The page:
Well, I know I could, but that doesn't make it a good parenting practice. I've just finished watching this story from last night's 60 Minutes and I seriously want to puke. There is some dude in this story who has the audacity to blame Mr. Rogers for the attitudes of today's twenty-somethings who are to henceforth be referred to as "Millenials". Whatever. I watched Mr. Rogers and I don't possess the massive sense of entitlement these little snots do. I guess I'm officially a crotchety, old broad since I want to throttle both of the young men interviewed here, one of whom says he thinks bosses should make sure to heap praise on their workers, up to and including sending their Mommies notes saying what a great job they do. Maybe they can just pin them to their shirts, pat their heads and give them warm cookies & milk (wait, that last part would be kind of cool...) Let's get this straight: praising and rewarding employees who go above and beyond is a fine thing to do. Praising and fawning over people who simply do what they are paid to do is overkill.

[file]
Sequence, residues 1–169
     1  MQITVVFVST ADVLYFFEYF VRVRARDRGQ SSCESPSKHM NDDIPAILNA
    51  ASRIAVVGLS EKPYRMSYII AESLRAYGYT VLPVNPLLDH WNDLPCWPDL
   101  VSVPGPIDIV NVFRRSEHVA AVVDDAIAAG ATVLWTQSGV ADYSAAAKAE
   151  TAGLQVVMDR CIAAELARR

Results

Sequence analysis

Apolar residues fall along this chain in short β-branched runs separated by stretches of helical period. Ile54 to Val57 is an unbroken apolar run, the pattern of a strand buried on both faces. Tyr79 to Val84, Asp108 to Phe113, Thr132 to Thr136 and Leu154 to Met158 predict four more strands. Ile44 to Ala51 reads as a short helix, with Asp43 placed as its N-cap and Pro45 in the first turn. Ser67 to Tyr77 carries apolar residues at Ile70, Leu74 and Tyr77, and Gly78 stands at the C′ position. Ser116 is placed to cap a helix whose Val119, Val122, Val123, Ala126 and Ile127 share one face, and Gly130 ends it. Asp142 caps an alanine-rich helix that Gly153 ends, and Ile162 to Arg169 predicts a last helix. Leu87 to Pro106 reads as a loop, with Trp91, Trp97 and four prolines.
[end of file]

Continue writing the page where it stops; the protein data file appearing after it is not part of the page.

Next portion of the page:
I just don't get this mindset. Parts of it start out OK, such as valuing family and friends above work. I get that. But the bottom line is, if you have a job and you do it wrong, you don't get to stomp your feet and throw a tantrum about it, then quit. If you do this, and it results in, as is mentioned in the piece, you having four jobs in a year, it really doesn't matter how you try and spin it, it still just looks like you can't hold a job!
I really do understand not wanting to settle and trying to pursue your dream, who wouldn't? But these kids have absolutely no sense of reality, which I personally pray comes up and just smacks them in the face. You have to see the clips posted over at my friend Don's blog on this same topic. They are sure to amuse and frighten you, as they did me.
Who can we blame for all of this? Well, their parents, of course. And the schools. These kids experienced childhoods where there were no winners or losers and I'm guessing few got to experience the agony or the ecstasy of a good game of Dodgeball. I also blame the asshats that make up "Young Hollywood". There are more young people today who are looking for the fastest, easiest way to become rich and famous than ever before. Their goal is to do as little as possible for the most money and then do nothing at all. Why? Because all you have to do flip on an episode of The Hills or Keeping Up with The Kardashians to find your role models. Or better yet, just open a magazine to see the vapid likes of Paris, Britney (oh, Britney) and Lindsey. I absolutely weep for the future.